Antarctic Terrestrial Biology
Copyright © 1972 by the American Geophysical Union.
Editor(s): George A. Llano
Published Online: 14 MAR 2013
Print ISBN: 9780875901206
Online ISBN: 9781118664667
Book Series: Antarctic Research Series
About this Book
Published by the American Geophysical Union as part of the Antarctic Research Series, Volume 20.
These 13 original papers on terrestrial biological research initiate a companion to Biology of the Antarctic Seas, which now comprises four volumes of the Antarctic Research Series. The articles in this volume range in subject matter from the limnology, physiology, and ecology of aquatic systems to the taxonomy of fresh-water algae, lichens, mosses, fungi, protozoa, and land arthropods of Antarctica. It concludes appropriately, and for reasons stated below, with a paper on subantarctic rain forests.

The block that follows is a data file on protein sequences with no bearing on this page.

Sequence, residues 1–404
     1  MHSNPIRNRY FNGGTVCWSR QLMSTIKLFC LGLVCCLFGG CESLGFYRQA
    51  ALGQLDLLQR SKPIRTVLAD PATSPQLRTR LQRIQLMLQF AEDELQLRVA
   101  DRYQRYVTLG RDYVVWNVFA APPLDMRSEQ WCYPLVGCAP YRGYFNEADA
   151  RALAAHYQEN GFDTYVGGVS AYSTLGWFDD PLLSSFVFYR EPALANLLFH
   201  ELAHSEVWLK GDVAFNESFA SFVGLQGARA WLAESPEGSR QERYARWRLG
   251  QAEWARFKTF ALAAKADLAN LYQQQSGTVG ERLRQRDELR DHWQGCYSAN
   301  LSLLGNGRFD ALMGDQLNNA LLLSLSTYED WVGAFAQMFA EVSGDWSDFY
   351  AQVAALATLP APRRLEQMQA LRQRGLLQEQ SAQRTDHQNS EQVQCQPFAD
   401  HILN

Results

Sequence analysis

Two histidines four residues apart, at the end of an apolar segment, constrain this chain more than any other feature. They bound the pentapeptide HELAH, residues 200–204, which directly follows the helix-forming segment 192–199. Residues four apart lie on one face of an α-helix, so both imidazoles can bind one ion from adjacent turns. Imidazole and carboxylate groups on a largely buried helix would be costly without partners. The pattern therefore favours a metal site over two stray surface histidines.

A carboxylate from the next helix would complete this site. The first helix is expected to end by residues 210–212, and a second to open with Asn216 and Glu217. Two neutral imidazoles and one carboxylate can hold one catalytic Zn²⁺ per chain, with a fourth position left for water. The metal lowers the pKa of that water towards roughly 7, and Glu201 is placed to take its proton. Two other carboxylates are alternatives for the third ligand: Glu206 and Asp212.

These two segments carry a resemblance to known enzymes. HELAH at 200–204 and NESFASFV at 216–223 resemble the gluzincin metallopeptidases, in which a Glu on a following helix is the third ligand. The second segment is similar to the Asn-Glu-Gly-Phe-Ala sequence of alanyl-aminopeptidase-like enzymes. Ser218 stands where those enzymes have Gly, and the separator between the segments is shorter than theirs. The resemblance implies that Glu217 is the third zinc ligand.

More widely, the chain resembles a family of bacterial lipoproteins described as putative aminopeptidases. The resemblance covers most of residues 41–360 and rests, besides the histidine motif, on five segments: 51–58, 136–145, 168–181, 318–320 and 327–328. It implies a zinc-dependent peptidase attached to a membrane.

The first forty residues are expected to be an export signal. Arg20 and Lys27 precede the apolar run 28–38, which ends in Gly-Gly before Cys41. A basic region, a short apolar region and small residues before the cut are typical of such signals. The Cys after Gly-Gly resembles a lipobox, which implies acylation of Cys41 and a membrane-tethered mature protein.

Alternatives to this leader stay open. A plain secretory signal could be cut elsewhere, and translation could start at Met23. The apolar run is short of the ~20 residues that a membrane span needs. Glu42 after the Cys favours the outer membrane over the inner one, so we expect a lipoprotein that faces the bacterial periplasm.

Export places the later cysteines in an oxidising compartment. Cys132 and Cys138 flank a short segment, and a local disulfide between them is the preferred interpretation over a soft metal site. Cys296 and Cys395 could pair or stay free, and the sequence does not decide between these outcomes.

This terrestrial volume brings together research papers that are less suitable for publication under existing Antarctic Research Series volumes and, as a consequence, reveals another dimension of the U.S. effort in antarctic biological research. Although the volume includes systematic and ecologic papers, the longer reports point to changes in the design and completion of field biological work. These changes are exemplified by greater use of increasingly sophisticated instrumentation and by emphasis on in situ experimental studies. This transition began as early as 1961-1962 when Goldman, Mason, and Wood, and also Koob and Leister, began their field work. To some extent, the rationale and methodology of these two groups stimulated the 1970 studies by Parker and his associates. Much of biological research involves graduate research assistants, and seven of these papers represent, in part or in whole, their contributions presented in partial fulfillment of requirements for higher degrees.